Women prefer that their advisors focus primarily on them as individuals, not on women in general. We tested statements such as “…it’s not about understanding the different ways men and women view and relate to money; it’s about understanding the way YOU view and relate to money. It’s about understanding your goals, your plans for the future…” and we got highly positive reactions. Women want their individuality, not their gender, to be the focus.
We found another clear example of this as we tested workshop titles intended for women. We found that titles that included the word “women” tested poorly. “Investing for Women?” No. “What Women Know About Money?” Didn’t work either. How about “The Female Financial Advantage?” Not even close. Gender-neutral titles were much more favorably received.
We’re not saying that the industry in general or you as an advisor shouldn’t intentionally target women as clients. Women, after all, control 80% of consumer purchasing decisions in the country!1 It just means making gender part of your headline won’t help in your marketing.
Myth No. 2: Point out the special financial challenges that women face and then demonstrate how you can help remedy them.
This, too, might seem like common sense. Most financial advisors are well aware that US women earn 23% less than men on average,2 have less saved than men for retirement and will live longer than men –thereby having to fund longer retirements with less money.3 It’s logical that we might point out those challenges to female clients and then demonstrate how we might help fix them, isn’t it?
But we have heard these facts before, as have our clients. At this point, they’re tired of hearing them again and again.
When we tested messaging like “women have held lower-paying or part-time jobs that don’t offer retirement plans, they earn less than men on average, and they work fewer years because they leave the workforce to care for children,” responses ranged from neutral to slightly negative. Not surprisingly, feedback included “that’s very negative” and “it sounds condescending.”
But, one might argue, these facts are true, aren’t they? Don’t we need to face the facts?
Yes, of course we do, but that doesn’t mean we should lead with negative messaging. In fact, we can accomplish a lot – raise women’s awareness of how much they’re earning and saving toward retirement, help them structure financial plans, assist them in finding the motivation to make those plans a reality – without reciting those statistics.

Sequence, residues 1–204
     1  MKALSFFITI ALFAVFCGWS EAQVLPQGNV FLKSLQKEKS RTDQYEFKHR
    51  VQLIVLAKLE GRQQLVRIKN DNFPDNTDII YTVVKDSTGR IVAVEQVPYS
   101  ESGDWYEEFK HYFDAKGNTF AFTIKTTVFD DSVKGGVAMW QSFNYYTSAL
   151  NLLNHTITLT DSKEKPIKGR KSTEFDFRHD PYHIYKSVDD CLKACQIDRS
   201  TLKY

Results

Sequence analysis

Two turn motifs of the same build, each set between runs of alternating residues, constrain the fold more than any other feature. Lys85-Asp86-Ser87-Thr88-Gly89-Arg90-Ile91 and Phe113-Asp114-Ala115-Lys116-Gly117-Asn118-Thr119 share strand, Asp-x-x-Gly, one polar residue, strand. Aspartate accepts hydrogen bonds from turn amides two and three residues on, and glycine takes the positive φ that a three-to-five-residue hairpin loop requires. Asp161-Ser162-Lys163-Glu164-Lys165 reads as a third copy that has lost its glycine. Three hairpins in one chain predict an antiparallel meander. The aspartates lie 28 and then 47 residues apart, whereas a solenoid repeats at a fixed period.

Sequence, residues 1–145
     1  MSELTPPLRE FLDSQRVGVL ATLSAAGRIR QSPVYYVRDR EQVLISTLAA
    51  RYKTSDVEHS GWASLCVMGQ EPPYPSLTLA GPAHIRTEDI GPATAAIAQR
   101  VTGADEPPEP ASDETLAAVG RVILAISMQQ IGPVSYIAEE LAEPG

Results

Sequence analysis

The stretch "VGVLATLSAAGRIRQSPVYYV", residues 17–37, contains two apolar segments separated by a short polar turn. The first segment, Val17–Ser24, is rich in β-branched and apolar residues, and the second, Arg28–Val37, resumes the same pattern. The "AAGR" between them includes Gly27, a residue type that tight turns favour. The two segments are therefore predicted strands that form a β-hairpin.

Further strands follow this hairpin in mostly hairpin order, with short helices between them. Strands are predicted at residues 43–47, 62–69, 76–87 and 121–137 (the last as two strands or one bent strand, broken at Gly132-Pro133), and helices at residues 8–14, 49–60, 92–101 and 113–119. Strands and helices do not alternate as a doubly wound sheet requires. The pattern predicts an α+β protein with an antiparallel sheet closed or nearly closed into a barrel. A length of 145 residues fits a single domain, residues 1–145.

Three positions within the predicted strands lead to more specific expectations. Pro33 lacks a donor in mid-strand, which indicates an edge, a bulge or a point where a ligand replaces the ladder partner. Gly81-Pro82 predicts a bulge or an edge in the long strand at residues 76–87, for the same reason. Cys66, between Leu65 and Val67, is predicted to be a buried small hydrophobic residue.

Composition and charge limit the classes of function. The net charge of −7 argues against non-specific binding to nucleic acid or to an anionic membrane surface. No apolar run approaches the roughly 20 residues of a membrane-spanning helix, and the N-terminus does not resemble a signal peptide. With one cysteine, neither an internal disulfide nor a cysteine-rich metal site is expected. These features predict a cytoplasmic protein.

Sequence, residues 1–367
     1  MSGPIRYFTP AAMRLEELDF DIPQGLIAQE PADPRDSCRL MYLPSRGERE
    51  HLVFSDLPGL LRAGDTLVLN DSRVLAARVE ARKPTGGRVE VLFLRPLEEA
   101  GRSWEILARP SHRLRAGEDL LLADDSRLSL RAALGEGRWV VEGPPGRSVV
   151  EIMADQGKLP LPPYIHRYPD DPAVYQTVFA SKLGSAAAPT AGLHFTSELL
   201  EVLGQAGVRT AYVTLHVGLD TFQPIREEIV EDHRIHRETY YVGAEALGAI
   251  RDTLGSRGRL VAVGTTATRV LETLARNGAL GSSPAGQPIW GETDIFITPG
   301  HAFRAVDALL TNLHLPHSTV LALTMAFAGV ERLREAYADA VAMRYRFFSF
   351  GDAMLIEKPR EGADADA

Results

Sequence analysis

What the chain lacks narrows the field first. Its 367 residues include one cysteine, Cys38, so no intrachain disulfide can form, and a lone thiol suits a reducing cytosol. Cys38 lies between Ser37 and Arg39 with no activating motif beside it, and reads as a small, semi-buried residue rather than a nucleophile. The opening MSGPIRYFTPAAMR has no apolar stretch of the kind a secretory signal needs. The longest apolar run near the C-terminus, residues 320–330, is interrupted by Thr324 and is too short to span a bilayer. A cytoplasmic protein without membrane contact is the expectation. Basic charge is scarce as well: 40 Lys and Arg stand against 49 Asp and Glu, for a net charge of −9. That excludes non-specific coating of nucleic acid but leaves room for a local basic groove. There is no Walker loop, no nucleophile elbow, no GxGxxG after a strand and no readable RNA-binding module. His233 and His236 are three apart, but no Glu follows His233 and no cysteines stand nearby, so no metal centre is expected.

Case in point: In our research, when we encouraged women to “create a financial vision,” “take the time to review their current profile,” or “design a plan for themselves, and then make it happen,” the positive response nearly doubled! With not a single mention of how they weren’t saving enough for retirement or how they didn’t earn that much money!
Consider an analogy. A tennis coach is working with a group of players known to have some limitations. Does the coach start off by announcing, “Some of you may know that, on average, you have 23% less tennis skills than other players. You didn’t practice enough when you were younger because you took extra time off to take care of your family. And now you’re going to have to play tennis more competitively than ever before, with less skill! Now go get ’em!” How’s that for motivation? Of course, a good coach wouldn’t do that – a good coach would help the players create a training program targeted to each player’s specific needs and motivate each of them to find and focus on his or her strengths. We as financial advisors can do the same thing.
1. Bridget Brennan, Why She Buys, Crown Publishing Group, 2009
2. DeNavas-Walt, Carmen, Bernadette D. Proctor, and Jessica C. Smith. Income, Poverty, and Health Insurance Coverage in the United States: 2009. U.S. Census Bureau, Current Population Reports, October 2010
3. Reshma Kapadia. The Forgotten Majority, Smart Money Magazine, October 2010